In a recent blog article, we discussed how banks' lifetime expected credit loss estimates, might be expected to increase, under various assumptions about the future. In particular, there exists a question of whether banks should assume a “U” or “V” scenario – for accounting values, as well as in setting their strategic behaviour. At the time of writing, there is a scarcity of information in the market that could help firms to conclude on the likely path of the credit cycle index (CCI) - be it "U", "V" or some other path.
The scarcity of information approaches idealised “laboratory conditions” or the textbook scenarios of game theory. We, therefore, explore a game played by two market participants, who may each adopt a set of strategic behaviour consistent with “V” or “U”. Importantly, we relax the common assumption that the CCI is purely exogenous, and assume that the other player’s actions feed through the inter-connected network of market participants (including banks and the real economy).
- If both players choose “V” then balance sheets are relatively unconstrained and strategic behaviour is expansionary. Sufficient credit flows to the real economy, and both players benefit equally from the resultant CCI path.
- If both players choose “U” then balance sheets become constrained and strategic behaviours become defensive. Credit to the real economy is constrained and a ripple of defaults occurs, significantly impacting both players’ payoffs.
- If the players differ, then the payoff is more complex. The player that chooses “U” adopts defensive strategic behaviours, mitigating the impact to their payoff, with respect to the second scenario’s payoff. However, this also triggers a feedback loop into the real economy, which eventually impacts the player choosing “V”. Because the player choosing “V” had bet on expansionary strategic behaviours, they are over-exposed to credit risk and suffer more than in the second scenario. The player choosing “U” benefits less than in the first scenario, but fares better than the second scenario.
The following payoff matrix can, therefore, be assumed (recognising that in practice there is some subjectivity about the value of each payoff):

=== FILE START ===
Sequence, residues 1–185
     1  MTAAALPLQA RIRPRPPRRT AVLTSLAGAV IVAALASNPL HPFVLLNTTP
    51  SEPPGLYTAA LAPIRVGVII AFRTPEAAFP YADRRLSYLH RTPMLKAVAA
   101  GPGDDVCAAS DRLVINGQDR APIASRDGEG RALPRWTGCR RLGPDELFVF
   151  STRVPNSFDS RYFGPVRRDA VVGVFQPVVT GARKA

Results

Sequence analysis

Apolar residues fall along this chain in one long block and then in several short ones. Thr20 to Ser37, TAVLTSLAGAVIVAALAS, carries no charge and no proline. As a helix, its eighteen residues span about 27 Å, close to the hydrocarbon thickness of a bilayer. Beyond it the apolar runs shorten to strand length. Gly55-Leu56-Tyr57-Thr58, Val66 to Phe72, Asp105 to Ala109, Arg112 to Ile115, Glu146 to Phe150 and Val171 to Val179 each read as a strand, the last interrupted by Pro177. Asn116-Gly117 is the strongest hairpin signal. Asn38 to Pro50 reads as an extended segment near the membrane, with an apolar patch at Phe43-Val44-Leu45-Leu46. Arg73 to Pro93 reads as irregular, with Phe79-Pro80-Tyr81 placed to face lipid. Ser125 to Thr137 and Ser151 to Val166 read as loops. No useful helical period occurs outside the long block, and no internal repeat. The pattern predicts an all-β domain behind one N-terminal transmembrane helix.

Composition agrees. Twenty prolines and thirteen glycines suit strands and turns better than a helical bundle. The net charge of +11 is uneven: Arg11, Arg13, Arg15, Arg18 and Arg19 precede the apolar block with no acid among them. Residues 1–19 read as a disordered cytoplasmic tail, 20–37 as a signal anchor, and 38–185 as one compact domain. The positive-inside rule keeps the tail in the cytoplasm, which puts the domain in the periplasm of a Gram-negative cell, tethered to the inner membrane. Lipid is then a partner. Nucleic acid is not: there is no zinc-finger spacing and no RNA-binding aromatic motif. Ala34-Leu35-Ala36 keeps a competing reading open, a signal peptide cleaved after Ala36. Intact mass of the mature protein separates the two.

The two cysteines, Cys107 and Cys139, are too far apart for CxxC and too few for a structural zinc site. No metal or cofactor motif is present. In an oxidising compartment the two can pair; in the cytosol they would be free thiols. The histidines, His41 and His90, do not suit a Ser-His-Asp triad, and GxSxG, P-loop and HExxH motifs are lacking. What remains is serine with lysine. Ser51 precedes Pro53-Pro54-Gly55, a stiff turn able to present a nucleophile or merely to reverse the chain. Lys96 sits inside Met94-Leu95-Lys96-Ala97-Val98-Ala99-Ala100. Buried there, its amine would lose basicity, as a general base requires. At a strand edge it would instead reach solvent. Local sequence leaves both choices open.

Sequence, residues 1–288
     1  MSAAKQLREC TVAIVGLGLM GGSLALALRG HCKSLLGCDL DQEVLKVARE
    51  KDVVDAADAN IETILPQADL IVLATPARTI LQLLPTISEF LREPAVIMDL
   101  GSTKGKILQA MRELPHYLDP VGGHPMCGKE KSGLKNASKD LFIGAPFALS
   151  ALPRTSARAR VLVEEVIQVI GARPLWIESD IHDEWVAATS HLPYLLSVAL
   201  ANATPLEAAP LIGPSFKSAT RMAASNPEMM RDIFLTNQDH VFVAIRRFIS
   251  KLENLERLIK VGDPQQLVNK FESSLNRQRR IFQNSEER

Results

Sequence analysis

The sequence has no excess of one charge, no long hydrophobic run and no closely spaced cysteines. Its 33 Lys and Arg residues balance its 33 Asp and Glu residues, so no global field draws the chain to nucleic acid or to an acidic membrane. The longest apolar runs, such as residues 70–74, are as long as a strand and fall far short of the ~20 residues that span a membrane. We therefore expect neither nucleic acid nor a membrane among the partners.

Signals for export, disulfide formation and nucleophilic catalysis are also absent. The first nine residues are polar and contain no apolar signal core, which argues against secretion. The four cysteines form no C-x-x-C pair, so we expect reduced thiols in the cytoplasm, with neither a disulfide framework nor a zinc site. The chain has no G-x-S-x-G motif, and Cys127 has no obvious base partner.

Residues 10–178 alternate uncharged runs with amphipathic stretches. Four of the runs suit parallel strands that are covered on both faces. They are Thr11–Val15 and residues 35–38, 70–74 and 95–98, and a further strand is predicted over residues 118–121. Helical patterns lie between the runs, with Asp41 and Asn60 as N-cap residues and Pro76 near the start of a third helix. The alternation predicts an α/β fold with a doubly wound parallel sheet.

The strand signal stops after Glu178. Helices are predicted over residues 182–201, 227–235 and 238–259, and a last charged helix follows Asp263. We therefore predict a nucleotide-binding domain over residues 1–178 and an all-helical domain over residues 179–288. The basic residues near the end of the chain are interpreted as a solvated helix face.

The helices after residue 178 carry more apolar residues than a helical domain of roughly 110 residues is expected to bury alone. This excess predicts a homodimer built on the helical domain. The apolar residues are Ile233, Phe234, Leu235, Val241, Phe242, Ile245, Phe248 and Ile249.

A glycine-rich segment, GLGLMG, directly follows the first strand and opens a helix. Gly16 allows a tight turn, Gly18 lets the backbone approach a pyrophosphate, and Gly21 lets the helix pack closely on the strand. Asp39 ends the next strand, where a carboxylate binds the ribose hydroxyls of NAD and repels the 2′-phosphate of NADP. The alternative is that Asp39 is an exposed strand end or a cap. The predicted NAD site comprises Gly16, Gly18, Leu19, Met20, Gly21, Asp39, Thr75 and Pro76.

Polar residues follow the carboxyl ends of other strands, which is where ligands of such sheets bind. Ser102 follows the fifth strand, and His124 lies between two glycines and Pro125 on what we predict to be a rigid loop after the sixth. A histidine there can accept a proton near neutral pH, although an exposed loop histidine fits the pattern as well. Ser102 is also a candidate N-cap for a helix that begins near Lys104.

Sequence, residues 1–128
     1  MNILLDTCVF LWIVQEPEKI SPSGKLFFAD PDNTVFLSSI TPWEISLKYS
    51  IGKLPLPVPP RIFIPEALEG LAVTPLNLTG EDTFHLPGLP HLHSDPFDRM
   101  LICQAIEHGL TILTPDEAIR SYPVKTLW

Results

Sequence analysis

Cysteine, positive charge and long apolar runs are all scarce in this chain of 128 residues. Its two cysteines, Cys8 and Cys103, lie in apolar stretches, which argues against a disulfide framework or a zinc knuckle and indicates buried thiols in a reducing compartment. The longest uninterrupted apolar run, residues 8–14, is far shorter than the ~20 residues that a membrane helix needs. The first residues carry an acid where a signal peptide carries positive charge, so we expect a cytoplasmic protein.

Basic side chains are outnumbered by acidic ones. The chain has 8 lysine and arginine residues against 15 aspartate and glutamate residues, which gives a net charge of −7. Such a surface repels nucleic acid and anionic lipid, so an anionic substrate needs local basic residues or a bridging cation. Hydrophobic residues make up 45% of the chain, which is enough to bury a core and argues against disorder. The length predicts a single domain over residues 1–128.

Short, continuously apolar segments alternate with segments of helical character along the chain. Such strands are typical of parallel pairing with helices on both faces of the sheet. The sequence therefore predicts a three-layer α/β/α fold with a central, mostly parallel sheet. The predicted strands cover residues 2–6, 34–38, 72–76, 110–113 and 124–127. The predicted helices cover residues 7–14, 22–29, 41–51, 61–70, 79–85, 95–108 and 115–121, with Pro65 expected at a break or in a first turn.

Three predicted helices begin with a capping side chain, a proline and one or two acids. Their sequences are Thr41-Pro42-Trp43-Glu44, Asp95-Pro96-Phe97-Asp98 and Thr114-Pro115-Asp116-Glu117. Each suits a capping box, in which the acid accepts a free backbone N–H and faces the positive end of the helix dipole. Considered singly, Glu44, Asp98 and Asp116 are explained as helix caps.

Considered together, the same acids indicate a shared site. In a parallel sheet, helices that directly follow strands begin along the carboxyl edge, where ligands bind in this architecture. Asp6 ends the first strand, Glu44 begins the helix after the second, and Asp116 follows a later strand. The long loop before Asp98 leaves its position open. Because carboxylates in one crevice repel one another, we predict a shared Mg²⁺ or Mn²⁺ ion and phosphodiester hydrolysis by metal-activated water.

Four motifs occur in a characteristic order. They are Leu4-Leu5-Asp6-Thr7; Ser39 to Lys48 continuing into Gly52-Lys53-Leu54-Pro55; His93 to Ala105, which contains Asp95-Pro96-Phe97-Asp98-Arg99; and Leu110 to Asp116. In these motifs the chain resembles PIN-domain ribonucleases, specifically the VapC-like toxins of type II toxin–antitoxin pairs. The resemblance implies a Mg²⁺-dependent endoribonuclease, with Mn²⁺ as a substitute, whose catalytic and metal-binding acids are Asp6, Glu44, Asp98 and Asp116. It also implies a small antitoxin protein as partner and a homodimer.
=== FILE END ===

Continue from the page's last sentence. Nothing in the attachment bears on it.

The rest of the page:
This is equivalent to the “stag hunt” game described by the philosopher Jean-Jacques Rousseau. The game differs from the perhaps more-familiar “prisoner’s dilemma” because two Nash equilibria arise. Absent any coordination, each player’s strategy will depend on whether they wish to maximise value, or minimise risk.
With sufficient coordination (and belief in the other player’s word), a player is therefore likely to select “V” and adopt the associated strategic behaviours. But without sufficient coordination and belief, a player is more likely to select “U”. Conditional on the payoff assumptions, a player’s best response switches from “V” to “U” at the point where the probability of the other player choosing “V” falls below 50%.
In practice, the economy is an interconnected network with more than two market participants spread across a number of reasonably homogenous sectors; and the “laboratory conditions” of the game theory problem are unlikely to hold, even with the current scarcity of information. It seems likely that market participants will instead herd towards consensus scenarios, such as the referenced scenario published today by the UK Office for Budget Responsibility (OBR) – this achieves a similar result to coordination between the players described above, by setting out prior beliefs about the probability of “U” or “V” for each sector in terms of Gross Domestic Product (GDP) impacts per sector.
Firms should, however, note that the OBR forecast assumes that the shocks to GDP reduce proportionally, conditional on restrictions being eased, with a return to pre-crisis levels in the fourth quarter. This aligns to our model’s upper forecast and is a reasonable assumption for an aggregate forecast, but may not hold for granular segments:
Any aggregate forecast can mask significant variations in the underlying population, especially if that population is known a priori to be heterogeneous. Banks with exposure to particular sectors (e.g. leisure and discretionary travel businesses, and their employees) should consider sector-specific outlooks in internal scenario-analyses.
Market-implied Estimated Default Frequencies (EDFs) should already reflect public and private information about sectors and single names - including exposure to fuel prices, and whether strategic responses (such as downsizing airliner fleets, or mothballing less fuel-efficient aircraft) increase or decrease credit risk.